Why can’t we talk about mass shootings? And doing something to reduce them? For instance:
You can’t have mass shootings without guns to shoot masses. Most of those shooters are not criminals — or at least, they weren’t criminals until they picked up a gun and started killing people. Most of those guns are assault weapons designed to kill a whole lot of people. I know people who hunt, many of whom are very dear to me; I don’t know anyone outside of the military who has an assault weapon. Or who thinks we should all have access to one if we take a mind to.
Could we just talk about assault weapons? Then maybe we could talk about why anybody needs one and why they shouldn’t be banned. When assault weapons were banned, fewer people got killed. Maybe that’s worth talking about.
If we can talk, we can find common ground. I don’t think any of us really love the fact that tiny children are learning mass shooter drills before their ABCs. We could start there.
I may be just an unarmed little old lady, but I am not stupid. I do know that talking — just having civil conversations without shouting and getting angry — is not popularly done any more.
It was chilly, and very dark; that’s what I remember most clearly.
But where Mimi went, I followed. Mimi was two years older, my best friend and protector and constant companion. She was also braver than I.
I pretended bravery. So when Mimi and our best friend Beverly Ann made a plan to climb the water tower, I was in. We slipped out the front door — nobody watched (or locked) front doors in those gentler post-WWII days — about 10 PM, after the grown-ups had turned off the Victrola and retired. Barefoot and pajama-clad, we ran through the fields to the water tower at the edge of town.
Mimi and Beverly Ann scampered up the ladder and onto the narrow walkway in a matter of minutes. I followed as closely as my fluttering heart would allow, trying not to look down. We made one lap around the tower, looking down but holding tight to the rail; I may have been holding tighter than anyone ever held onto anything in human history.
There were, unfortunately, no selfie cameras in those days; but there was an iron clad honor system reinforced by community norms and the possibility of being ratted out. The next day we three joined the rarefied ranks of Those Who Climbed the Water Tower At Night. This was not a club whose membership was publicized among grown-ups, but it carried more than a little prestige among the under-10 set.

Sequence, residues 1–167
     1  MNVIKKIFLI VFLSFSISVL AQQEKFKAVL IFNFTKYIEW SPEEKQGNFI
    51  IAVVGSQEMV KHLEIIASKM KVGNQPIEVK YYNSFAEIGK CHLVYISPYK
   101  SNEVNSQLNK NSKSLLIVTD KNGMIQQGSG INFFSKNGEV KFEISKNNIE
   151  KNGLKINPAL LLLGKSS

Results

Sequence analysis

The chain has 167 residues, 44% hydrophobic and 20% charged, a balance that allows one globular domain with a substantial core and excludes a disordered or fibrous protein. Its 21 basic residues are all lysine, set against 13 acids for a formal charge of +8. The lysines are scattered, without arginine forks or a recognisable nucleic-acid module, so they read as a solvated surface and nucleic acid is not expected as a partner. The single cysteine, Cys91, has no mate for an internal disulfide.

I still pretend bravery. On occasion I prove actually brave. Most of the credit goes to my sister Mimi, may she rest in well-earned peace.
I learned this from my favorite San Francisco Chronicle columnist, Kevin Fisher-Paulson, who opines and entertains every Wednesday (print edition for me). Fisher-Paulson was arguing (gently, but well within his rights) with a reader who complained about his overuse of So’s and Ands.
If you’re as fine a writer as Fisher-Paulson — who doubles as a cop, gay dad and all-around Good Person — you have grammatical-leeway rights.
Grammatical rights — “Conforming to the rules of grammar,” thanks, Merriam-Webster — were around centuries before Grammarly. I should get this off my chest right away: A pox on Grammarly. Whatever happened to old-fashioned dictionaries? Strunk and White? I may be showing my age here.
Mrs. Vaughan would have a hissy fit.
Mrs. Vaughan, may she rest in correctly spelled and properly punctuated peace, was my fourth-grade teacher, back before your grandmother was born. She taught Old School in the olden days, with a little help from the ruler she was wont to crack your knuckles with if you went astray. (Corporal punishment was allowed in the olden days, in the form of a sturdy wooden ruler for cracking over small knuckles.)
Certain useful words and phrases — such as having a hissy fit — may not even exist in my Strunk & White; I don’t have time to look them all up, so you’ll have to trust me. In my Virginia upbringing, however, we only hoped never to cross Mrs. Vaughan, whatever it was we were fixin’ to do. Such as knock each other upside the head.
My Michigander husband, a writer and editor who could quote Strunk & White by the page, once told me our romance was almost over before it began the first time he heard me fixin’ to do something. But pretty soon he was fixin’ to ask me to marry him.
So. We write what the Ghost of Fourth Grade Past allows.
It is the grammar of today, however, that creates pain. I mean, like, could we, like, get through a sentence without, like, interrupting ourselves every four seconds?